patients who developed multisystem organ failure (MSOF) as a complication of insults sustained from acute type B dissections. The electively treated patient who died had undergone aortomesenteric bypass grafting the day before thoracic endografting to extend his distal landing zone. He died 6 days after endograft deployment from MSOF. Two additional patients died during follow-up at approximately 5 and 18 months from complications of pre-existing endstage renal disease and congestive heart failure, respectively. No deaths or complications were due to aneurysm rupture. Common complications after elective and emergent endograft repair are summarized in Table II. There were no cases of paraplegia. No major complications developed in the four patients who underwent debranching bypass procedures before endograft deployment in zones 0 or 1, and none were found to have endoleaks during follow-up. One patient who underwent a right-to-left CCA bypasses without left SCA revascularization reported mild left hand claudication and dizziness with rotation of his head to the far right, which resolved with return to midline. The patient denied neurologic symptoms with increased activity of his left upper extremity, and carotid and vertebral duplex ultrasound imaging demonstrated patency of the bypass graft, retrograde flow in the left vertebral artery, and no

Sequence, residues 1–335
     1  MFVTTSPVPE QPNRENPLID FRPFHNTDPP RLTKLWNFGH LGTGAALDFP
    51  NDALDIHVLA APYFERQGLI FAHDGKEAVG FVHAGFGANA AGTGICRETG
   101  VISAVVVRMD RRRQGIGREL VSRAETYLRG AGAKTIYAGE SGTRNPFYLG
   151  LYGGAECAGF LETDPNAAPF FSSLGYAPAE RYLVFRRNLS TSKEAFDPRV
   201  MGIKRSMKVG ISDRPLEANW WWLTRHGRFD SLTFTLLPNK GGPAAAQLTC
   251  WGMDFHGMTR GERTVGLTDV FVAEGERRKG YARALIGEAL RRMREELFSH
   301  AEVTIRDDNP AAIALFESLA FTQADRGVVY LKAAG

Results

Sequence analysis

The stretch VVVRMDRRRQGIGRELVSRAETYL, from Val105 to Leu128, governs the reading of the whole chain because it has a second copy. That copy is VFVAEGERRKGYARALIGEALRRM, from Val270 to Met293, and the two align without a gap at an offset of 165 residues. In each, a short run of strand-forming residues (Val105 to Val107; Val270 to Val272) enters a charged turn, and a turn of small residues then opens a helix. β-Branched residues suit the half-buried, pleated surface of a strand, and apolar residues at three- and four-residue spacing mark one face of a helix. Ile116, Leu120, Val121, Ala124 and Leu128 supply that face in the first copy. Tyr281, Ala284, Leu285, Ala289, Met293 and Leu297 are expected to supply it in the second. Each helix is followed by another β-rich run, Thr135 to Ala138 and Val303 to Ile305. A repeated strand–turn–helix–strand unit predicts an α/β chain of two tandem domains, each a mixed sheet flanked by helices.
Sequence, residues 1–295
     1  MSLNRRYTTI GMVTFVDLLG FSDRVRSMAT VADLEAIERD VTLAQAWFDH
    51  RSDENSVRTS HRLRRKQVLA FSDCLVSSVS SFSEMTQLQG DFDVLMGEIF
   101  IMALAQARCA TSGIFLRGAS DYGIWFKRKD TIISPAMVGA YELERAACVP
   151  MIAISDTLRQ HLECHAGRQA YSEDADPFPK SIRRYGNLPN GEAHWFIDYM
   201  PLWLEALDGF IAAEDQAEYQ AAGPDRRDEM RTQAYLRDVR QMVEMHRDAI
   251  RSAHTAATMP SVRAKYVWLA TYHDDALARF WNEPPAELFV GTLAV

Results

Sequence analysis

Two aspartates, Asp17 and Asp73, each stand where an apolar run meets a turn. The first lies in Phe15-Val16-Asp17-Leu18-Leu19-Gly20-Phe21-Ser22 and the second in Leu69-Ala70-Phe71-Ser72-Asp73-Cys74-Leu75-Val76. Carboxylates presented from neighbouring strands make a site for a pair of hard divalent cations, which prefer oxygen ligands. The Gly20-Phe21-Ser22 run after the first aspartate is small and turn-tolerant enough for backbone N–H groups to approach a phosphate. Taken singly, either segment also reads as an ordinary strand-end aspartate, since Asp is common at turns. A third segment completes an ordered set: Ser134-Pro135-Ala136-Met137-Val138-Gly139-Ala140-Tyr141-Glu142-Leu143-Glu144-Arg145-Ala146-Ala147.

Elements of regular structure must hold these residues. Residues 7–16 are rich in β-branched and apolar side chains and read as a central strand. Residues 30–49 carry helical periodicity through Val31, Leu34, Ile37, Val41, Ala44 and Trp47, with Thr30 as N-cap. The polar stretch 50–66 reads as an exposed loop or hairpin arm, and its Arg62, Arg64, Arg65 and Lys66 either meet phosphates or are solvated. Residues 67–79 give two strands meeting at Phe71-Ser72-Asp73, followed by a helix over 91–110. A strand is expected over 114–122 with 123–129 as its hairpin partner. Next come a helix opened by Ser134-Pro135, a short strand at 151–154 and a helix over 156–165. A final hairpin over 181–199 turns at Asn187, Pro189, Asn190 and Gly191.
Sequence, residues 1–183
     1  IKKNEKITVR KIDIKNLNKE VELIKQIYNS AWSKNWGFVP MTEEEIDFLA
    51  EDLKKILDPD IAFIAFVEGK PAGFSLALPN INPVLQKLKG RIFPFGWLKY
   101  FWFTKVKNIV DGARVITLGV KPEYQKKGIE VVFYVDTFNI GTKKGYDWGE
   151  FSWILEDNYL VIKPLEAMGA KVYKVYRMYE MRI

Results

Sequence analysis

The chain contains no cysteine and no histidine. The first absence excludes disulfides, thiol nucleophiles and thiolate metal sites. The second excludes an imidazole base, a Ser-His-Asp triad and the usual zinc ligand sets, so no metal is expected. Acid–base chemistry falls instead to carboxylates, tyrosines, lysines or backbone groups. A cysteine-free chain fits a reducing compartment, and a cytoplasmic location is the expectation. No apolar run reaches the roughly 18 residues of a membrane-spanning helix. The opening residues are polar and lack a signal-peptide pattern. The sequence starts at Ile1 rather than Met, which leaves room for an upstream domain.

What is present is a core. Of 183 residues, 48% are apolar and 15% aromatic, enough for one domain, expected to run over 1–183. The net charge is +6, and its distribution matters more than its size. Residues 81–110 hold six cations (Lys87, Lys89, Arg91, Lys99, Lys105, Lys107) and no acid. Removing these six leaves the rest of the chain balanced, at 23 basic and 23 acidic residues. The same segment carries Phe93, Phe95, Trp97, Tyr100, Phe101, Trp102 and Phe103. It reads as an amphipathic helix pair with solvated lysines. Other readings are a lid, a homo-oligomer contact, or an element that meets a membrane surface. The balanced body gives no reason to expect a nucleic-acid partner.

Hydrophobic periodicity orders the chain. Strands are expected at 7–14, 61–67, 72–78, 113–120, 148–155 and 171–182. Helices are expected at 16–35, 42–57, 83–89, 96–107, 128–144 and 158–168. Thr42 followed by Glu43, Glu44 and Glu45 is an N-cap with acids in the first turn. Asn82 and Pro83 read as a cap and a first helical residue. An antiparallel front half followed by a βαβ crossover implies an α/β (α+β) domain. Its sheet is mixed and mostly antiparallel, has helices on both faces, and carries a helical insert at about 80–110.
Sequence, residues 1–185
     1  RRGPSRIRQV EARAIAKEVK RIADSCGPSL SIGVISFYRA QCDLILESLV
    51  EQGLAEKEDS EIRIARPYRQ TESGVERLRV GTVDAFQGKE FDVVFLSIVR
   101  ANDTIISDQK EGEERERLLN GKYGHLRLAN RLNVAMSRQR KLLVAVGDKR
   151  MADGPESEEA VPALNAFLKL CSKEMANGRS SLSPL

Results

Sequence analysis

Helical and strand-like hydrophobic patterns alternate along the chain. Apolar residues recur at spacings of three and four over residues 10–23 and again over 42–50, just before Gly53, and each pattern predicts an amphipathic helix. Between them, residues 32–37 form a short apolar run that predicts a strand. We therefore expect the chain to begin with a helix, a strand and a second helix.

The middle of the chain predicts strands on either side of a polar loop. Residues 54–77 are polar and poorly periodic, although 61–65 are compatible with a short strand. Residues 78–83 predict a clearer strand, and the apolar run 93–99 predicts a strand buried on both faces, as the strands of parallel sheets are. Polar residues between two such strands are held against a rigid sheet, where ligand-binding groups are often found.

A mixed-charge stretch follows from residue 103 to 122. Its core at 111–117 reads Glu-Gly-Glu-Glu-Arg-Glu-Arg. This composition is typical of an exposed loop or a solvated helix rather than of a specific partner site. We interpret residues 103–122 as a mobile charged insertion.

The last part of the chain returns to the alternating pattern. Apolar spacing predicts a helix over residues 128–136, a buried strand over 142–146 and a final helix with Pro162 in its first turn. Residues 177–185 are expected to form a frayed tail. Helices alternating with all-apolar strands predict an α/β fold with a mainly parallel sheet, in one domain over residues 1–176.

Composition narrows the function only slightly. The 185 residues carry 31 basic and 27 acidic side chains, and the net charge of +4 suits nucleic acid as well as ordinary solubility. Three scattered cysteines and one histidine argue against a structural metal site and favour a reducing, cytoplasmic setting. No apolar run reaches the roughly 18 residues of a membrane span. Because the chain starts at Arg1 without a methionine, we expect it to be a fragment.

change in flow patterns when the patient turned his head to the right to reproduce his symptoms. Of the 24 patients who underwent deployment in zone 2, 14 (58.3%) had complete coverage of the origin of the left SCA at the time of primary endograft repair. None of these patients underwent left SCA revascularization before endograft repair. One primary endoleak was detected (type III), which was successfully treated with the deployment of an additional stent graft component. One patient who received a thoracic endograft to treat a contained ruptured mycotic aneurysm reported left upper extremity rest pain. A preprocedural thoracic arteriogram had demonstrated a transverse arch origin of the left vertebral artery. The patient underwent left SCA stent placement, resulting in resolution of symptoms. Of the 10 zone 2 patients (35.7%) who underwent partial coverage of the origin of the left SCA, one patient was found to have thrombosis of the proximal 2 cm of the left SCA, with distal reconstitution on follow-up CT scan at 14 months, and remained asymptomatic. Two type IA endoleaks were observed in two patients and occurred at 7 days and 6 months after endograft deployment, respectively. One patient underwent endovascular balloon remodeling, resulting in total occlusion of the origin of the left SCA and the development of numbness and tingling in her left upper extremity with activity, but her symptoms were not severe enough to warrant an intervention. The second patient underwent deployment of an additional stent graft component and attempted coil embolization; however, these did not resolve the endoleak. Three cerebrovascular accidents (CVAs) (10.7%) were observed in our subgroup of 28 patients, an incidence that appeared higher than the five (4.5%) that occurred in our overall series of 112 patients. When the incidence of CVAs in patients who underwent zone 0, 1, or 2 deployment was compared with those who underwent deployment in zone 3 or 4 (2/82, 2.4%), the difference approached significance (2 analysis; P ⫽ .06). Two CVAs occurred in patients whose left SCA had been completely covered. One of the CVAs was discovered the day after endograft repair and was assessed from CT imaging of the brain to be embolic. The second patient’s CVA occurred secondary to hypotension during an intraoperative cardiac arrest that occurred immediately after emergent endograft deployment to treat an acute type B dissection involving malperfusion of the mesenteric vessels and lower extremities. The patient’s CVA was demonstrated to have occurred in a left frontoparietal watershed distribution, and MRA demonstrated a patent basilar system supplied by the right vertebral artery. The patient who experienced a CVA after partial coverage was assessed to be embolic by CT imaging. Overall, 19 (68%) of the 28 patients experienced a complete cessation of antegrade flow through the origin of their left SCA without revascularization either at the time of endograft deployment (n ⫽ 14), after a secondary procedure (n ⫽ 2), or due to vessel thrombosis (n ⫽ 1). Left upper extremity symptoms developed in three patients